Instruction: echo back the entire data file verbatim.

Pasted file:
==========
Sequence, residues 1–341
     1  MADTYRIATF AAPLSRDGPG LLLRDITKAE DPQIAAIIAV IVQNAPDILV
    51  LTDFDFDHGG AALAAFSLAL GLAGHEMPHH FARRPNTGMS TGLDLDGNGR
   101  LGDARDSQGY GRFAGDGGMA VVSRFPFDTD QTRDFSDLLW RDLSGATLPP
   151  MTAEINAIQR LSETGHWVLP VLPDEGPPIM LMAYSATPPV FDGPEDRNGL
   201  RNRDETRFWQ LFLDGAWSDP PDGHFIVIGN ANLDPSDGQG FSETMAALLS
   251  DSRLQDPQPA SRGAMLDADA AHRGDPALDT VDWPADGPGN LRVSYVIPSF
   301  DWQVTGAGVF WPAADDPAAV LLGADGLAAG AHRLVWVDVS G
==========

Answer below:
Sequence, residues 1–341
     1  MADTYRIATF AAPLSRDGPG LLLRDITKAE DPQIAAIIAV IVQNAPDILV
    51  LTDFDFDHGG AALAAFSLAL GLAGHEMPHH FARRPNTGMS TGLDLDGNGR
   101  LGDARDSQGY GRFAGDGGMA VVSRFPFDTD QTRDFSDLLW RDLSGATLPP
   151  MTAEINAIQR LSETGHWVLP VLPDEGPPIM LMAYSATPPV FDGPEDRNGL
   201  RNRDETRFWQ LFLDGAWSDP PDGHFIVIGN ANLDPSDGQG FSETMAALLS
   251  DSRLQDPQPA SRGAMLDADA AHRGDPALDT VDWPADGPGN LRVSYVIPSF
   301  DWQVTGAGVF WPAADDPAAV LLGADGLAAG AHRLVWVDVS G